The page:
NICK HOWSON: Cricket has rarely turned down the opportunity to monetise an aspect of its product. A tournament of six-ball shoot-outs is the next cab off the rank
Since when has sport cared about having too much of a good thing? It is virtually the most important aspect of its capitalist agenda. It is part of the reason the treadmill which is the annual calendar is congested and relentless. Every day is another opportunity to add to the coffers and watch the likes roll in. Saturating the market has never been a concern.
When the Caribbean Premier League's digital channels started pushing the Super Over Cup in June it was arguably as much a moment of foreboding as a way of filling the void without professional cricket.
In case you missed it, using old footage from the CPL, individuals rather than teams would face-off against one another in a six-ball shoot out. The results were all predetermined - Chris Gayle 'beat' Andre Russell in the final - but it was a nice distraction from the world's troubles. And nearly as good as The Cricketer's Quarantine Cup.
But was this just a bit of fun, or a premonition? Sunday saw three super overs in one day of the Indian Premier League. Set against the drama and intrigue, I never got the impression that tedium or boredom had set in. If anything, it whetted the appetite for more.
England prevailed against Australia after the first super over to decide a women's international earlier this year
Thirty-eight per cent of all super overs in the IPL have taken place in the last two editions. Ten of the sixteen to have occurred in international cricket have been staged since the start of 2019. We're entering an era where the tiebreaker is becoming more important than ever. It is even helping to decide World Cups.
Cricket's ability to capitalise on an opportunity is reliably impressive. But next year will see the fourth edition of the shortest professional format, the T10 League in Abu Dhabi. Another new format is just around the corner.
Colleague Huw Turbervill wrote last year about a domestic super over competition played across a single weekend, building on the excitement created by the World Cup final at Lord's. However, it feels as though the super over has genuine global appeal, meaning it could easily be rolled out on a larger scale.
Teams could rock-up at a neutral venue over two days, playing group matches on day one, and the knock-out stage on day two. You could even tag it onto one of the existing global competitions, using it as a warm-up to the main event. Position it as a showcase initially, and upscale accordingly.
Nearly every ball would be consequential, batting would be more outrageous than ever and bowling would be a thankless task. It would be all of cricket's dilemmas spread across 12 balls. What is not to like?
Assuming the supporting cast was of international quality, broadcasters would surely gobble up this offering. Also, it is a format made for social media streaming and a generation whose attention spans are shorter than ever.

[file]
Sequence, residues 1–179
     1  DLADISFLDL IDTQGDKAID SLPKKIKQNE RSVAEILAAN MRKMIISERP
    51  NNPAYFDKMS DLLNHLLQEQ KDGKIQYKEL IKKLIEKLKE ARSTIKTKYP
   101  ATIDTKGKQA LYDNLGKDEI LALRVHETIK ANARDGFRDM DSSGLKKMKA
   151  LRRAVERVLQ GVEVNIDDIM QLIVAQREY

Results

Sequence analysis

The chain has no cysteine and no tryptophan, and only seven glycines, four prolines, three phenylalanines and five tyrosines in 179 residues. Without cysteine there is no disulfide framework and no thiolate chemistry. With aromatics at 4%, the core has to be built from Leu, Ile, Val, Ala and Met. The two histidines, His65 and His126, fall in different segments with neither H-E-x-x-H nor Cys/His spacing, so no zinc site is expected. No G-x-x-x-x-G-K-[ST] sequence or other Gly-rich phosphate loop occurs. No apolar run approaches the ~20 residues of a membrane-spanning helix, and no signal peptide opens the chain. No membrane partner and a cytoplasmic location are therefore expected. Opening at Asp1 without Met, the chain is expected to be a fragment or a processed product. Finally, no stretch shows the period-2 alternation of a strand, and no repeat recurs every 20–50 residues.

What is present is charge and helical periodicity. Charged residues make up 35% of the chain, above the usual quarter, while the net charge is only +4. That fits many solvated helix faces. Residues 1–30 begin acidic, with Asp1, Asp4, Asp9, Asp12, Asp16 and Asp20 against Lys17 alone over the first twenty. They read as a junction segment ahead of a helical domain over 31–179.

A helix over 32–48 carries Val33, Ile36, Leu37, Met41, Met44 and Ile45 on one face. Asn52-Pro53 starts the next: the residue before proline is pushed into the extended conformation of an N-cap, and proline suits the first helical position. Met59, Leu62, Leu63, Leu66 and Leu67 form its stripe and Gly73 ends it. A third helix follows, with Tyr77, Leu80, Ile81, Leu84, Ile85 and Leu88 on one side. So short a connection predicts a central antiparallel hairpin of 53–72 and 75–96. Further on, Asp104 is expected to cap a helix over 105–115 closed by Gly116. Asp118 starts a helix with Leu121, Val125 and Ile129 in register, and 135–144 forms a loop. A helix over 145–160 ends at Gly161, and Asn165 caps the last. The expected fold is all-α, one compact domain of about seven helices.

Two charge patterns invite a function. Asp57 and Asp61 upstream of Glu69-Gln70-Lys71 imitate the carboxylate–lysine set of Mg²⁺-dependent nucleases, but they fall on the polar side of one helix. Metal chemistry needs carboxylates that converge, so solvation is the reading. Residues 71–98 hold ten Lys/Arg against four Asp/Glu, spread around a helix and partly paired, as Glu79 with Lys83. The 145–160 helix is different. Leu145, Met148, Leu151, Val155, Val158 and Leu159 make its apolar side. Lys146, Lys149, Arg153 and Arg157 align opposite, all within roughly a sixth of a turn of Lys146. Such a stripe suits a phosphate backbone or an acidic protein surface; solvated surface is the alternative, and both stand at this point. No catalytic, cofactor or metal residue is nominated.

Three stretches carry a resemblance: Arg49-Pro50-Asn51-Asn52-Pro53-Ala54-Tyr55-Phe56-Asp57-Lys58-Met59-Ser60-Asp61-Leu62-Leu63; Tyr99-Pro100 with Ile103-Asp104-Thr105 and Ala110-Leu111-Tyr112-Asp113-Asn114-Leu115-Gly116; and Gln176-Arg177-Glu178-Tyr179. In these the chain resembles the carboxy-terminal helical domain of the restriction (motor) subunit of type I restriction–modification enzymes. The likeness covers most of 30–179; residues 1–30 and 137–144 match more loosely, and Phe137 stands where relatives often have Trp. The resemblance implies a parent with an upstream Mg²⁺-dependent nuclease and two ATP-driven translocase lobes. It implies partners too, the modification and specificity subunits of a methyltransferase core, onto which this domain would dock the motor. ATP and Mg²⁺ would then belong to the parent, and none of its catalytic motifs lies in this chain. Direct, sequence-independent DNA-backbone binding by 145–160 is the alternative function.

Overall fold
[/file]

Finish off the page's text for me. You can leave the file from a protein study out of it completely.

And maybe there is some sporting value too. As previously mentioned, the super over is becoming more predominant in international and franchise cricket. But many players enter them with no previous experience. It would allow teams to shape their approach and decide which players to deploy going forward. Best laid plans and all that.
T10 and T20 cricket was previously derided as thrash and dash, but have become far more nuanced. There is no reason why super over tactics can't develop in the same way. The match-ups would be fascinating, too. Chris Gayle taking on Jofra Archer, David Warner battling Jasprit Bumrah and Trent Boult attempting to outwit Babar Azam. It taps into an era where sports fans support individuals as much as they do teams.
New Zealand have been involved in the last four super overs in men's internationals - losing them all
The drawbacks are as obvious as they are plentiful. We already have too much cricket. The calendar is punishing enough in its current guise. Super overs should be a tiebreaker and nothing more. No one is asking for a penalty shoot-out World Cup or a respotted black tournament, after all.
Additionally, the worry is that the ICC might try and ruin it with a ridiculous qualifying process, spread over several years. It would be overkill for an entertaining format. But the snowball effect would be inevitable.
And then there is the idea of asking an entire team to travel to a remote land, where many of them will be standing idly in the field without getting a hand on bat or ball. Spare a thought for all the club cricketers across the country who do that season in, season out. Notwithstanding the current climate, it would be a logistical nightmare and come at an unnecessary expense.
There is a passable argument that says this idea represents everything that is wrong with the sporting landscape. What question is a Super Over World Cup answering?
But sport is no longer about what makes sense, but how can it entertain and engage? The scoffing about this competition would commence at its inception but end comes the first delivery. It is in cricket's nature to roll the dice in this direction. The only question left is, when?